This Academy was the result of an ongoing partnership between Piedmont Housing Alliance and PVCC KidsCollege. During the past several years, dozens of Friendship Court students have been able to take advantage of this program that PVCC offers.
Thanks to Piedmont Virginia Community College for their continued partnership and work with the Friendship Court youth who seemed to have a blast.
We also thank Verizon for their $10,000 grant in support of STEM programming which serves to close the technology gap, provide high-quality educational opportunities, improve school readiness, and build community for the families who live at Friendship Court Apartments.
Tyquan Mayo is one of seven Friendship Court residents on the Youth Leadership Team. The team has been meeting regularly since September at the Friendship Court Community Center and is an important part of Piedmont Housing Alliance’s resident engagement in the redevelopment of Friendship Court. The goal is to equip resident youth leaders with the skills to provide input for the redevelopment with particular focus on activity areas, green space, and programming. Youth participants gain valuable skills, experiences, and academic and professional networks that will create educational and career opportunities.
Tyquan, 13, is in the 8th grade at Buford Middle School. He has a special love of hamsters and cheese sticks. He is interested in meteorology and hopes to become a meteorologist one day after possibly attending Michigan State University. His favorite color is bright pink and he likes listening to the Beatles. When asked where he would like to go on vacation, Tyquan said Dubai because he thinks it looks like a really beautiful place. Tyquan says he is learning about managing money along with becoming a leader.
Tyquan was interested in becoming a member of the Youth Leadership Team because he wants to learn more about what is going on with the redevelopment. He is interested in finding out what it’s going to look like, especially the green spaces.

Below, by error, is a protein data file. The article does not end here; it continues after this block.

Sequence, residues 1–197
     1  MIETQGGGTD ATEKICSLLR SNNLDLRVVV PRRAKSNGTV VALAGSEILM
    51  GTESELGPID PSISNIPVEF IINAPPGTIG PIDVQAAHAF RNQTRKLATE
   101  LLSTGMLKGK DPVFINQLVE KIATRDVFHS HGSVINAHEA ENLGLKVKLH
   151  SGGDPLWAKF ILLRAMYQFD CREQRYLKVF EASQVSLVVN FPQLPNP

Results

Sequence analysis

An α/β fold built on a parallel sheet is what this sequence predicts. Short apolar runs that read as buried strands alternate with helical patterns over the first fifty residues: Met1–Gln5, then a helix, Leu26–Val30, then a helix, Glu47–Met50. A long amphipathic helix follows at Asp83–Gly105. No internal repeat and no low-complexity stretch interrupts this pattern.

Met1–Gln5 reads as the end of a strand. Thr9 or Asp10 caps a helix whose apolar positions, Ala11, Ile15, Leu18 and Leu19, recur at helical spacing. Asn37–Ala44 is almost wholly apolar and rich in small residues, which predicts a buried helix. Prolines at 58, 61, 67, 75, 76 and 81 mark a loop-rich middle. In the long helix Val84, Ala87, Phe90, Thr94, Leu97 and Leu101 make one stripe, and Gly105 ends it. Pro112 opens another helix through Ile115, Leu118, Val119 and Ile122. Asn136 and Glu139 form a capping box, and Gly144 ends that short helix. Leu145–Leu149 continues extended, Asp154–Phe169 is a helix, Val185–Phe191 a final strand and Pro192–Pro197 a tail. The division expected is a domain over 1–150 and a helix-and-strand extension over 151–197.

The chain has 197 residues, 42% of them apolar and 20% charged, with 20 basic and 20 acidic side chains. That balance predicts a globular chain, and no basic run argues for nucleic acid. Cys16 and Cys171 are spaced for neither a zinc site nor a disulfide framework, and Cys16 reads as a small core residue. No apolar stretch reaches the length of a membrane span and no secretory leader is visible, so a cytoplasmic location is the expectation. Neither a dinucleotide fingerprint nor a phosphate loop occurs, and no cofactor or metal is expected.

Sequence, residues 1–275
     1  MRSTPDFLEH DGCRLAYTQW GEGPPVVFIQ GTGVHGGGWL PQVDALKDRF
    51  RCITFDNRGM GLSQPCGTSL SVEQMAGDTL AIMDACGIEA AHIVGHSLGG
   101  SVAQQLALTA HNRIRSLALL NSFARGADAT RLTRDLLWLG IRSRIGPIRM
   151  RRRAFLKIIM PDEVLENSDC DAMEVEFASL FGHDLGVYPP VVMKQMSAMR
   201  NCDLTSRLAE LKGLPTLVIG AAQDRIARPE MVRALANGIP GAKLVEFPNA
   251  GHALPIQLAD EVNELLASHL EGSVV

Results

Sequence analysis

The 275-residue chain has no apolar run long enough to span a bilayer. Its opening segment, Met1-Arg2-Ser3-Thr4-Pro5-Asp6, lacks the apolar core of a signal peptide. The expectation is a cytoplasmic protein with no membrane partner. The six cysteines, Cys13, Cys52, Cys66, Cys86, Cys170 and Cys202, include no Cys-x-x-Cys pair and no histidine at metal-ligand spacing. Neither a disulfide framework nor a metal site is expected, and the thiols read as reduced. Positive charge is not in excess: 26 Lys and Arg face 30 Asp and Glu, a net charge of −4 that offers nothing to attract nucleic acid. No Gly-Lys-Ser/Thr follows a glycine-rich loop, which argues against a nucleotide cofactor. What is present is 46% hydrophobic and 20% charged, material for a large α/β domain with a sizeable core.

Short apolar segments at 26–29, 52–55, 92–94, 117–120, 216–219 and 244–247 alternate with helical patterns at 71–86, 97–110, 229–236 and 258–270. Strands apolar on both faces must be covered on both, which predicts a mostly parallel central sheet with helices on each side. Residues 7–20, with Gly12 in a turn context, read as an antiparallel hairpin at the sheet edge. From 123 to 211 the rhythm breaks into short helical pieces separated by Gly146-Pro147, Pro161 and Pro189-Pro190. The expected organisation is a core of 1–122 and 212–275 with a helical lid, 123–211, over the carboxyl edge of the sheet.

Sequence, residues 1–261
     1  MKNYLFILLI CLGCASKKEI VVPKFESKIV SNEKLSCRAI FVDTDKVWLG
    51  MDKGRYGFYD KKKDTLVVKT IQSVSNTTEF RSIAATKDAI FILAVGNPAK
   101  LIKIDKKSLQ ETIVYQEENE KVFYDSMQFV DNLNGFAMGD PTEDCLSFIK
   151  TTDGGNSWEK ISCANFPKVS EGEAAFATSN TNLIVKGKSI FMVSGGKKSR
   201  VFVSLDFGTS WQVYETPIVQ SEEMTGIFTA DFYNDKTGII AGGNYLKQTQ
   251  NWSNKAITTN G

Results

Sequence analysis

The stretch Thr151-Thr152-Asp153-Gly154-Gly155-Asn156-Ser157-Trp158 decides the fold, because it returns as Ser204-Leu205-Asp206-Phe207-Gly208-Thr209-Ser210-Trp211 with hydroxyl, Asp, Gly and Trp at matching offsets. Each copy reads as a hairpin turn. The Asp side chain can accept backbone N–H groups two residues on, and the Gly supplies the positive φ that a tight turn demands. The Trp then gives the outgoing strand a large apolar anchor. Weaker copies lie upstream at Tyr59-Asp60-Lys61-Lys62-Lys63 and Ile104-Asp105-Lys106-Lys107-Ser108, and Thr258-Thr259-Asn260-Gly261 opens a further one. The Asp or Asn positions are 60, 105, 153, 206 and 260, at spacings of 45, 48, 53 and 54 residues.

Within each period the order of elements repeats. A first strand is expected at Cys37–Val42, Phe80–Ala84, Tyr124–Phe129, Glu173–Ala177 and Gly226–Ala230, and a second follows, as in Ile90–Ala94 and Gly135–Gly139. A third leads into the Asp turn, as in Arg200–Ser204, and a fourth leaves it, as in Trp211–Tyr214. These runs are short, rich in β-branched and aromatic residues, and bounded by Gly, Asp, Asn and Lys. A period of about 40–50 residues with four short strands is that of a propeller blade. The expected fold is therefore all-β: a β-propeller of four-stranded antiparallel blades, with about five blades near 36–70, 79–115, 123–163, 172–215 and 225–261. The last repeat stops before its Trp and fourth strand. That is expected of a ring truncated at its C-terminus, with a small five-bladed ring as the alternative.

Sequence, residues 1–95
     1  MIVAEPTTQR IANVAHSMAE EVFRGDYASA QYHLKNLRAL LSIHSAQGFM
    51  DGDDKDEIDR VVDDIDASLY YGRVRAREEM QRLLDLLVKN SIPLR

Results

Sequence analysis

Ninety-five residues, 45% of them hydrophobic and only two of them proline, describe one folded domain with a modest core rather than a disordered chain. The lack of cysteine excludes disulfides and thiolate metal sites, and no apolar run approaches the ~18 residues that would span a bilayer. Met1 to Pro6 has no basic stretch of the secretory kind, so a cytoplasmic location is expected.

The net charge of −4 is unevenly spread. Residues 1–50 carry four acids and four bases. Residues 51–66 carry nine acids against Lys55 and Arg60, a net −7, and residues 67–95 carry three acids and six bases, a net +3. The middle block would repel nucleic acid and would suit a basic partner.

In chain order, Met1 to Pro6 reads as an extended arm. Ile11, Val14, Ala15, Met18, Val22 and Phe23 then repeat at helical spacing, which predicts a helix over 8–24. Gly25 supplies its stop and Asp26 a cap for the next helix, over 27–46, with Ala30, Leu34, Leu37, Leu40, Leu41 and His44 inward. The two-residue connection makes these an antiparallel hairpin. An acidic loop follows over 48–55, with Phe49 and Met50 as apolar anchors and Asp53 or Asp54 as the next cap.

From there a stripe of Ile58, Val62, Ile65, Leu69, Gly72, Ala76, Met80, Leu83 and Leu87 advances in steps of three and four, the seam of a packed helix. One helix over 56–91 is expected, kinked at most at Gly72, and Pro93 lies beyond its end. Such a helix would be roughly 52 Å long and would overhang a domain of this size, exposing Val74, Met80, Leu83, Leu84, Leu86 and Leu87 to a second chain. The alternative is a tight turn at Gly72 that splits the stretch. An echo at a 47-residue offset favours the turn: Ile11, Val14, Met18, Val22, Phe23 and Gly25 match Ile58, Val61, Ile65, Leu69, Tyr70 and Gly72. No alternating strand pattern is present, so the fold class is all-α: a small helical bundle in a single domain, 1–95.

Mark your calendars to watch Terri Allard’s, Charlottesville Inside Out on March 23rd where she features Tyquan in a segment dedicated to the work Piedmont Housing Alliance does throughout the community.
Emma Johnson has lived in Charlottesville for a long time, mostly as a resident at Friendship Court Apartments. Originally from Nelson County, Emma moved back to the area after living in Ohio for much of her life. Emma said she knew she wanted to retire to this area where she spent her early years. She decided to move to Friendship Court after her youngest daughter started college at the University of Virginia because it was affordable and new. Emma, mother to six children, moved into the community after she had been living on Anderson Street, in the 10th and Page neighborhood in Charlottesville. At the time, Emma said they were still finishing the construction of Friendship Court. There was a church on the property where people would go for service on Sundays. Emma said she had her own church, but sometimes she would go to the one at Friendship Court and has fond memories of it.
When she was in her early thirties, Emma came to work in Charlottesville as a textile worker, not far from Friendship Court, at the historic IX building. Emma recalls Frank Ix fondly, saying she would ask him what he planned to do after he retired. She claims he would say simply, “Oh, I don’t know, Emma, I suppose I will just go home and do nothing.” At the time, she says, she always knew she could talk to Mr. Ix about any troubles she had and he would help straighten things out.
Emma leads a busy lifestyle for a 90-year-old. She opens her door often to any one of her 15 grandchildren and she likes to get out and do most of her own shopping. She enjoys reading and sewing and taking care of her home. Emma, who has lived at Friendship Court now for close to 40 years, said she is excited about the changes to come. “I think it’s going to be really nice. I like the idea of changes around here.” She likes the idea of being able to take an elevator up and down so she doesn’t have to take the stairs. Emma approves of the “hop-scotch” phasing approach to the redevelopment so that no one is displaced. She says it “all sounds just great!”
The neighbors take care of Ms. Johnson at Friendship Court. She said I believe in treating people the way you want to be treated and that’s just what she does, “I am nice to people and they are nice back to me. That’s how to be a good neighbor. I was brought up the right way.”
Emma said she has always been treated well at Friendship Court. Piedmont Housing Alliance looks forward to continuing to treat her well and to starting the positive changes at Friendship Court soon.